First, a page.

The anatomy of an automated electronic system test bench
Automating the production testing of an electronic system necessitates an ecosystem of electronic, mechanical and software tools. Once the test strategy has been laid out, the DFT analysis effectuated and the test plan consolidated, it becomes the transfer to production engineer’s responsibility to choose, design, and develop these tools to create the test bench.
In this entry, we aim to detail the anatomy of an automated electronic system production test bench to better understand the scope of its design and development. We will review the different components and discuss the main objectives of each and how we expect them to help us create an efficient test bench. We can first start by stating our intention when designing and developing a test bench.
We aim to
- Create a test bench which will test the device under test to the extent of the intended coverage
- In the least amount of time possible
- For the lowest cost possible
In our test strategy entry, we had already defined the test costs items and discussed them extensively. They were:
The cost of test execution labor
The cost of the bill of materials
The non-recurring cost of the design, development and deployment
All these items were evaluated and defined in the preliminary analysis phases, but can be drastically affected by design and development choices, good or bad. We shall therefore, for each test bench component, identify how to target the different cost items, as well as the time and coverage elements.
The above image shows the complete ecosystem of an automated electronic testbench.
The device under test (DUT) is installed in a mechanical test fixture by the tester. Different external test equipment are connected to the DUT and the test PC to perform automated measures or be manipulated by the tester.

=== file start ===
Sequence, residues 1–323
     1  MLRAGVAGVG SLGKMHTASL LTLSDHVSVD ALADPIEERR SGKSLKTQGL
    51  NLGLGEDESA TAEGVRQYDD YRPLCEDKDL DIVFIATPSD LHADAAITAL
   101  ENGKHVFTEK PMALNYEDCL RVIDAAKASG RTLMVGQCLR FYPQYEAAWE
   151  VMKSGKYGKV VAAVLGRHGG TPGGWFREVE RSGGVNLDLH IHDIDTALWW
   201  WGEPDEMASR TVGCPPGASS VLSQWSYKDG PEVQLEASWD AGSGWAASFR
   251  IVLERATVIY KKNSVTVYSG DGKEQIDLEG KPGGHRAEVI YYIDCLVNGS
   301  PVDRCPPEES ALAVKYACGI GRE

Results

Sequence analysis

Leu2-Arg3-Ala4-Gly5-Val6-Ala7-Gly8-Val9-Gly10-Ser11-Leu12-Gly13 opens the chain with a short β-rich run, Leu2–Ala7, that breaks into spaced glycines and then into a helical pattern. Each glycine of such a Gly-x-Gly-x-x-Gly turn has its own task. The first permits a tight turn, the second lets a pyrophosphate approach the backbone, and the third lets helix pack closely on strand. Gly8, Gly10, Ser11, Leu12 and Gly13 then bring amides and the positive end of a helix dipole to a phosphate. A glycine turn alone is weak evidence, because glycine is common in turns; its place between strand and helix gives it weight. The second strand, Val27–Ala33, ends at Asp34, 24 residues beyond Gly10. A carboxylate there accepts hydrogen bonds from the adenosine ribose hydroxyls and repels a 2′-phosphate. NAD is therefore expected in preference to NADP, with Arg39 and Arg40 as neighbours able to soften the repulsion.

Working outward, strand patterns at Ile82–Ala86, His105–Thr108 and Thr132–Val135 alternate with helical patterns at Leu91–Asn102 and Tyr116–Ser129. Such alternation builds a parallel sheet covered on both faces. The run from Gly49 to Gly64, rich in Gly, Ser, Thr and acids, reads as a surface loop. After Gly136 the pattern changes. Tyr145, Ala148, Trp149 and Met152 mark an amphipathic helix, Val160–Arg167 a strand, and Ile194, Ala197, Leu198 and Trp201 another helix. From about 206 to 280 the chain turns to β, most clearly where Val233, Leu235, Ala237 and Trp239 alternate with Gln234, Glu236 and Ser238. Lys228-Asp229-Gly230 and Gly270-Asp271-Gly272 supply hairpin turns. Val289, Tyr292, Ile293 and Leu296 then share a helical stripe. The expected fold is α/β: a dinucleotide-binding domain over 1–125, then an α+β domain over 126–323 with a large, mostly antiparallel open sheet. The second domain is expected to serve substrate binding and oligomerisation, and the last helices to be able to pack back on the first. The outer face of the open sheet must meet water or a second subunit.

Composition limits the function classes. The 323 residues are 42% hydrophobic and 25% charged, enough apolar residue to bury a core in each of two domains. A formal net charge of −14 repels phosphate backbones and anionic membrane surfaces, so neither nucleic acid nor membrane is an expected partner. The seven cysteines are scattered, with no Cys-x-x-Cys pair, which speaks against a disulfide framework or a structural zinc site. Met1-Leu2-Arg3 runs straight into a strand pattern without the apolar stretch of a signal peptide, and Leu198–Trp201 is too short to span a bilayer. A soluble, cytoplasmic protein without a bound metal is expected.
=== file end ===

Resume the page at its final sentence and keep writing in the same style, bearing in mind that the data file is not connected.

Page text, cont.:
The tester logs on the test PC and launches the test through the test engine, following the tester documentation. The test engine executes the test sequences, using DUT specific libraries to control and monitor the DUT and generic automation libraries to manage the testbench equipment. At the end of the test, the test records are uploaded to a local or remote storage.
Device Under Test
The device under test is the system, or sub-system being tested on the testbench. Of course, in order to create an efficient test bench, an in-depth knowledge of the system is important. Its electronic schematic, software layers and mechanical interfaces must be understood completely.
The main responsibility and objective of the transfer to production engineer regarding the DUT is ensuring the R&D team delivers a highly testable design, as we have covered in our DFT blog post. The DFT analysis and feedback into the design should simplify the development of all peripheral or in-system test tools.
The text fixture holds the DUT during the test. It can be as simple as a table and a few cables or as complicated as a bed of nails or a flying probe apparatus.
The main objective of the test fixture is to facilitate the interconnections between the DUT and the test ecosystem
- It should shorten the DUT installation time, and thus the total test time
- It should alleviate the mechanical wear on the DUT connectors.
- It should add or expand the DUT test interfaces, meaning that it provides access to test points unaccessible through the productized interfaces of the system, thus increasing its testability.
These attributes will lead to lower test execution and non-recurring development costs.
The most important thing when designing a test fixture is to make sure to leave room for changes in the next revisions of the tested system and subsystem. Unless the tested system has to fit a particular form factor standard with defined, unalterable connector emplacements, it is likely that in the system’s life cycle, a new hardware or mechanical revision will require a modification to the test fixture. This is compounded by the fact that the test fixture is usually initially design around a revision A prototype which are even more likely to change. Before investing in the manufacturing of an expensive test fixture, try to design it in a way where a new system revision will not render it obsolete, necessitating the design and manufacturing of a new one. The fixture needs to be able to evolve with the product.